-- and is transmitted by commercial sex workers and commercial truckers.
(Prostitution in India appears to be widespread: in the early 1990s,
Indian social scientists estimated that 2 million prostitutes were at
work in the country, and demand has only grown during the intervening
decade.) Furthermore, if current accounts are accurate, many monogamous
women in India are being infected by husbands having extramarital
affairs. And given the high levels of illiteracy among women in India
and the taboos concerning sexually transmitted diseases more generally,
very little information seems to be available to India's adult female
population about HIV risks.
government has responded to the country's HIV epidemic unevenly. New
Delhi announced a National AIDS Control Program in 1987, but
follow-through was haphazard and the government's own anti-AIDS
organization devoted a considerable portion of its energies to arguing
that outside groups were overestimating the prevalence of HIV in India.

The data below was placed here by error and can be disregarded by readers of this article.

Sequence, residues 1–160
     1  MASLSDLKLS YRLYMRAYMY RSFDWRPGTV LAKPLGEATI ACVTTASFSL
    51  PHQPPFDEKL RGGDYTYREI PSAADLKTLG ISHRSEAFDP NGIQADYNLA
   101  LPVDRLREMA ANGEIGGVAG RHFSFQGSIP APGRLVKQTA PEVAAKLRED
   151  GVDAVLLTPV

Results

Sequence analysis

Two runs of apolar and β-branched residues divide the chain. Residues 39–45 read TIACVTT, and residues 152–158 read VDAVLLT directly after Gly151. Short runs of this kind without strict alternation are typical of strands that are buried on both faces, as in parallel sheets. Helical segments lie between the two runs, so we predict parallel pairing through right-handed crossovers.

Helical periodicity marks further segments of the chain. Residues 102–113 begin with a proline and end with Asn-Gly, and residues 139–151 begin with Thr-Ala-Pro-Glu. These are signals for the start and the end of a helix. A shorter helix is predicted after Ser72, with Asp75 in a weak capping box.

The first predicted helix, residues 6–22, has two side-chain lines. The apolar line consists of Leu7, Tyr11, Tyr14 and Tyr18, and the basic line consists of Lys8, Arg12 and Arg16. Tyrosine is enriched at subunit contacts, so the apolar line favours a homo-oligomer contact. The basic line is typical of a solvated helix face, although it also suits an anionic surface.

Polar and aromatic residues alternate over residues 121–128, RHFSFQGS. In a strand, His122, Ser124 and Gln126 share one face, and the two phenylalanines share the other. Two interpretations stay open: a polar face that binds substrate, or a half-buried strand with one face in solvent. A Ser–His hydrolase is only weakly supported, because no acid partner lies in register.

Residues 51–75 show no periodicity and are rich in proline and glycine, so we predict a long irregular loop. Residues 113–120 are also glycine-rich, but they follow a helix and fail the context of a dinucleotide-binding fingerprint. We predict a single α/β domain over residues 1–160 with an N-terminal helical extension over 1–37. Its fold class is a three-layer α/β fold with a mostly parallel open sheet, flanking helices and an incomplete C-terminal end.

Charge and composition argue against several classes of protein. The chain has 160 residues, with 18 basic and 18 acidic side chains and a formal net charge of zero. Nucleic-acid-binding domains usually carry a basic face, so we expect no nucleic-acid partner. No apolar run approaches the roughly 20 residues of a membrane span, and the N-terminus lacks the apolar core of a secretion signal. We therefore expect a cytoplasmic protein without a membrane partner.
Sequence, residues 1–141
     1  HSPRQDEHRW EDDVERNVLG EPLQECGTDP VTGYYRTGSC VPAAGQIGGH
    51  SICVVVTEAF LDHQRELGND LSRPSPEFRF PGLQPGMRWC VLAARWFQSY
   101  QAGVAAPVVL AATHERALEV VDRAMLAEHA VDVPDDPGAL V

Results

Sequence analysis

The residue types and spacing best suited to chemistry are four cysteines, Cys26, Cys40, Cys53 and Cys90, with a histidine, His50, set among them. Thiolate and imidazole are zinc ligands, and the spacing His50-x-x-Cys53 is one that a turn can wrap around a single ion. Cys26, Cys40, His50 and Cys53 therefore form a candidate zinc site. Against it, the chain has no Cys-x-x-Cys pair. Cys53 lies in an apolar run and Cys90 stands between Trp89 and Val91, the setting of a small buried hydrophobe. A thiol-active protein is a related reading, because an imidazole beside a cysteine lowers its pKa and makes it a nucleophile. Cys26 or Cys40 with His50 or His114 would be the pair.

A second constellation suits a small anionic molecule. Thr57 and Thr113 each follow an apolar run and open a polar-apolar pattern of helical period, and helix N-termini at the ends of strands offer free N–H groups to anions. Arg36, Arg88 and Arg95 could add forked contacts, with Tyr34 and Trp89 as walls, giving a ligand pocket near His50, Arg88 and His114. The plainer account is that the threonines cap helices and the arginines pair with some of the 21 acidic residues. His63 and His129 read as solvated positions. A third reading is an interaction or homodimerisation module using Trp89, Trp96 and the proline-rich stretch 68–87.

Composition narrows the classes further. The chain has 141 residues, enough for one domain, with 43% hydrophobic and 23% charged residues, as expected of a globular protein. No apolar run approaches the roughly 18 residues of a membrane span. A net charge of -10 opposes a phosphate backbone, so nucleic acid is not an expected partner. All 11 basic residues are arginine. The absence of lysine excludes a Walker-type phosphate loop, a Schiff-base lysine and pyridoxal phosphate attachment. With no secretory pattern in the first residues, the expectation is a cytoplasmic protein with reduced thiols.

India is currently in the second phase of a ten-year government program
for combating the spread of HIV. India's federal system, however, grants
wide latitude to states, and these have shown varying levels of interest
(and competence) in dealing with the problem. In April 2002, New Delhi
announced a nationwide target of "zero ... new [HIV] infections by
2007." But barring a miracle cure, that goal is utterly fanciful -- and
only raises questions about the seriousness of the effort overall.
Of the three
countries under consideration, the uncertainties are greatest for China.
The overwhelming majority of HIV cases in the country are undocumented
and untreated: as of 2001, a cumulative total of only 30,000 HIV cases